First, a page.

Wild Tracks! Literature Guide

Grade Level: 
K, 1, 2
Keywords: 
Animal
Animals
Environment
Nature
Non-Fiction Literature
Philanthropic Literature
by Jim Arnosky A guide for parents, teachers, and group leaders to accompany the reading of this picture book. The guide below provides before, during, and after-reading discussion questions. Choose from activities and discussion questions to build children's understanding of generosity, community, and service to others.

Reading Level: Ages 4-8

What do you leave behind when you walk through the woods? Hopefully only tracks of your footprints. In this book, Jim Arnosky guides readers to learn the language of animal tracks. We learn about the behavior and personalities of a variety of animals simply by studying their tracks. Through comparison of shape, pattern, and size, we admire the beauty and complexity of nature. This nonfiction text inspires and feeds the young naturalist.

Before Reading

ASK: What animal tracks have you seen in the woods? How big were they? Did you like seeing them?

SHOW: Look at the cover. We probably won’t get to see a wolf or other wild animals in the woods, but what evidence do you think we might see or hear of them?

CONNECT: Have you ever heard a wolf howl? What does it sound like

During Reading

ASK: What are the smallest tracks you can find in the book? What are the biggest tracks? Which tracks are the most unusual?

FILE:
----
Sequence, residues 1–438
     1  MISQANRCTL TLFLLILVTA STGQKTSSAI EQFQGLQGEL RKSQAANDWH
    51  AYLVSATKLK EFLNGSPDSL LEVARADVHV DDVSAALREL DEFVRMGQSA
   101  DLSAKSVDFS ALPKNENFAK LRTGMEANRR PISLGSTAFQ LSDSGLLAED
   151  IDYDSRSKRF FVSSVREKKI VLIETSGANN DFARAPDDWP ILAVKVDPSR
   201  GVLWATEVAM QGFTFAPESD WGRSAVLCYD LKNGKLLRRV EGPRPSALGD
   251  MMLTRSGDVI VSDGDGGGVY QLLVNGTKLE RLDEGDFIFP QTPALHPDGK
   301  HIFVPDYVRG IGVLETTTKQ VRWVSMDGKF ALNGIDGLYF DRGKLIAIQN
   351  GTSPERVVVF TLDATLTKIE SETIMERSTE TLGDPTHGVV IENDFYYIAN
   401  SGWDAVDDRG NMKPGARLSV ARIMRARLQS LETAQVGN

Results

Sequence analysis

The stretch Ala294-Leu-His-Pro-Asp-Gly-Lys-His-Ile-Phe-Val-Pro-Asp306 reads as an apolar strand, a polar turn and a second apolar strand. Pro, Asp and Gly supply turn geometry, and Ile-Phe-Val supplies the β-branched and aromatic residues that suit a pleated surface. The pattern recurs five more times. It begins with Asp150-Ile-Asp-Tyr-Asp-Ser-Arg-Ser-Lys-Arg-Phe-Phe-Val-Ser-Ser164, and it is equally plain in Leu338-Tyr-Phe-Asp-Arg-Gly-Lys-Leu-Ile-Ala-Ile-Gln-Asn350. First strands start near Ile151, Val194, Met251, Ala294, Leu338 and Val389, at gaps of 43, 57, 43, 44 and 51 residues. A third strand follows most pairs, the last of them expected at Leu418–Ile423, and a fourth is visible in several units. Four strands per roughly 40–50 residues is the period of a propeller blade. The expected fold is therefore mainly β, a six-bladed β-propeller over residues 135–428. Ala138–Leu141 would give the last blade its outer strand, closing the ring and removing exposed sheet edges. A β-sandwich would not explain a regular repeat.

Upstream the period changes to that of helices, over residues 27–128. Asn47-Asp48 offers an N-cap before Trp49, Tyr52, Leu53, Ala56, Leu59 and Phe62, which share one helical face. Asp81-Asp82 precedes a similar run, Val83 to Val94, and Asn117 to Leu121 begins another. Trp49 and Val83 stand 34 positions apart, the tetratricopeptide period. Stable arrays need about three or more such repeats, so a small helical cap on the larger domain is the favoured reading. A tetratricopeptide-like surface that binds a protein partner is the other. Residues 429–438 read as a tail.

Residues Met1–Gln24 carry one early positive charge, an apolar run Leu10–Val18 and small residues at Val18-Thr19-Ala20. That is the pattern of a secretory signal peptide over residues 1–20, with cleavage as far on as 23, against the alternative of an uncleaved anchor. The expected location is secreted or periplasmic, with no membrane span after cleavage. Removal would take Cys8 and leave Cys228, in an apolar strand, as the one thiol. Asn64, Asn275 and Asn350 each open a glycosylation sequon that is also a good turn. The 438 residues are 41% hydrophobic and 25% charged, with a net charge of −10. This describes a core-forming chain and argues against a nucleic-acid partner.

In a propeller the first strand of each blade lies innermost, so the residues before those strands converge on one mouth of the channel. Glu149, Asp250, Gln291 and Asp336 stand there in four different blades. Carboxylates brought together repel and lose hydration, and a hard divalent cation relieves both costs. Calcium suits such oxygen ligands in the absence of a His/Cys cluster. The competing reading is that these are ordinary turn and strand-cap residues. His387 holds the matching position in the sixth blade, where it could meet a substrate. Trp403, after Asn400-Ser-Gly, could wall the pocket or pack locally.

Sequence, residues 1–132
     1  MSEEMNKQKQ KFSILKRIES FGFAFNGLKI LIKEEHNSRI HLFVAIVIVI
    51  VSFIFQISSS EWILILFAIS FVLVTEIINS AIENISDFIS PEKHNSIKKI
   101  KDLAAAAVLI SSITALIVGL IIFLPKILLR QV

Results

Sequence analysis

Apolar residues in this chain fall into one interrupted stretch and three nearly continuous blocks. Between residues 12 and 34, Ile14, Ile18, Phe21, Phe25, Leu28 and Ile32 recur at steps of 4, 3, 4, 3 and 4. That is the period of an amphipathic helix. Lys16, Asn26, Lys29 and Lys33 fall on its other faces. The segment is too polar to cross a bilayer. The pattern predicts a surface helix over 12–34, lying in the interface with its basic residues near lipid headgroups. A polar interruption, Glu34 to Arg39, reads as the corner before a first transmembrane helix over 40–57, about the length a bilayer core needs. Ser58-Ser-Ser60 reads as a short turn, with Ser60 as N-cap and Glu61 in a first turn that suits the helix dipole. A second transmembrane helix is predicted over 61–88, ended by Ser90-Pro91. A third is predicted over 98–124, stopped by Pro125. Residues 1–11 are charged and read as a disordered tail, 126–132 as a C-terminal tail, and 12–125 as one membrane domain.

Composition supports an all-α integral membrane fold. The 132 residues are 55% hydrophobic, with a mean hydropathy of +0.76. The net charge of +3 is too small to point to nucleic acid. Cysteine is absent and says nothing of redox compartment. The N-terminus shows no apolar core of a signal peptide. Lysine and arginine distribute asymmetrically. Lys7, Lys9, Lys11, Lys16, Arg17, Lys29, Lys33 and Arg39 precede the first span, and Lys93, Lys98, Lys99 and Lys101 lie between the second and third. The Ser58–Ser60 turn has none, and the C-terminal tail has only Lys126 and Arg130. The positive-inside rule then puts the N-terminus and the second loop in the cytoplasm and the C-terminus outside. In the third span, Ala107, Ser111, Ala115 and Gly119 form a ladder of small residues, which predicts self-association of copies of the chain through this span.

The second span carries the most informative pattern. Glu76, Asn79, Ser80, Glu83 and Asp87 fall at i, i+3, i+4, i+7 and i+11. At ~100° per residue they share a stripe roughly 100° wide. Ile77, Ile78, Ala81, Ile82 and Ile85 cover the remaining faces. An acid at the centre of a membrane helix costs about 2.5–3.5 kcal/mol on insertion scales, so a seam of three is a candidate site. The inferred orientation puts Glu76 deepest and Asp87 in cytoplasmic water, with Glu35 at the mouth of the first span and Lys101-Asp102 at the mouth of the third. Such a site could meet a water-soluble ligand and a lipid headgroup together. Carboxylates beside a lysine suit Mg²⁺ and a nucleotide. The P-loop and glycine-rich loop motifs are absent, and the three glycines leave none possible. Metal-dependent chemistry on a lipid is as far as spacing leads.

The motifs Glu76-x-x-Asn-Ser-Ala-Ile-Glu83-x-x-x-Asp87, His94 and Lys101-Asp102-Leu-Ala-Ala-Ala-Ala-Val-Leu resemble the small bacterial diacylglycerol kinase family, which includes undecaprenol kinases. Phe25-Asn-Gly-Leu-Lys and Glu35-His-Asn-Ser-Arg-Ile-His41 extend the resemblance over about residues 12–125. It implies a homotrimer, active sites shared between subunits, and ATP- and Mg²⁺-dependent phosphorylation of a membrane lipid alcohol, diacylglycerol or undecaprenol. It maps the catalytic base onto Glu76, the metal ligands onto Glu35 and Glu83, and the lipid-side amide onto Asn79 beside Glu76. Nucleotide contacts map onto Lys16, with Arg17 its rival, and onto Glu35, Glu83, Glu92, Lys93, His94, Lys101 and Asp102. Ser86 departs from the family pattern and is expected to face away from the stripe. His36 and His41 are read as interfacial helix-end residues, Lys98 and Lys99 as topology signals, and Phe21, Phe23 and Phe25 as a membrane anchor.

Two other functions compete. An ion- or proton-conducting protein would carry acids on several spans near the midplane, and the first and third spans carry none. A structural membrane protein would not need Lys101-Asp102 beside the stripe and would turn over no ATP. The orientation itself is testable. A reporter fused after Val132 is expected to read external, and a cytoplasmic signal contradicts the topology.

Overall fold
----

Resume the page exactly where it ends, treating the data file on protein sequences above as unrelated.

SHOW: Look at the deer tracks (page 9). Read about the dewclaws and find the tracks that show dewclaws. Compare the running tracks to the walking tracks.

CONNECT: Do you think your tracks look different when you are running than when you are walking? Do you think your tracks look different from a friend’s?

After Reading

ASK: What do you think animals would think if they knew people were studying their tracks?

SHOW: Look at the artist’s technique to show depth and texture. Talk about how color and shading make some parts of the track look deeper than others.

CONNECT: Find the tracks in the book that are familiar as something you might find in your area. Talk about that animal’s habits—what time of day it is out, where she lives, what she eats, how she acts around humans, etc.

Activities

  1. Go for a walk in the woods, near a pond, or in another natural area. Bring a sketchbook and look for tracks to draw. Try to guess which animal made the tracks.

  2. Read more about some of your favorite animals in this book.

  3. Discuss ways we can respect the homes of animals. What can we do to make humans more aware of the needs of wild animals?

  4. Make a poster about one animal from this book. Write facts about the animal and include pictures of its habitat and tracks. Write a sentence that encourages people to show respect for the needs of animals.

  5. Choose two animals from different families whose tracks have a very different shape, but whose patterns are similar. Draw the sets of tracks side-by-side and compare the similarities and differences.

  6. Draw a set of human tracks next to a set of animal tracks and write about how humans and animals can live side-by-side without harming each other.

  7. Go to a nature center and learn about local wildlife and habitats.

  8. Make a promise to take care of all your garbage and recycling in order to do your part to keep the earth as natural as possible for the wildlife.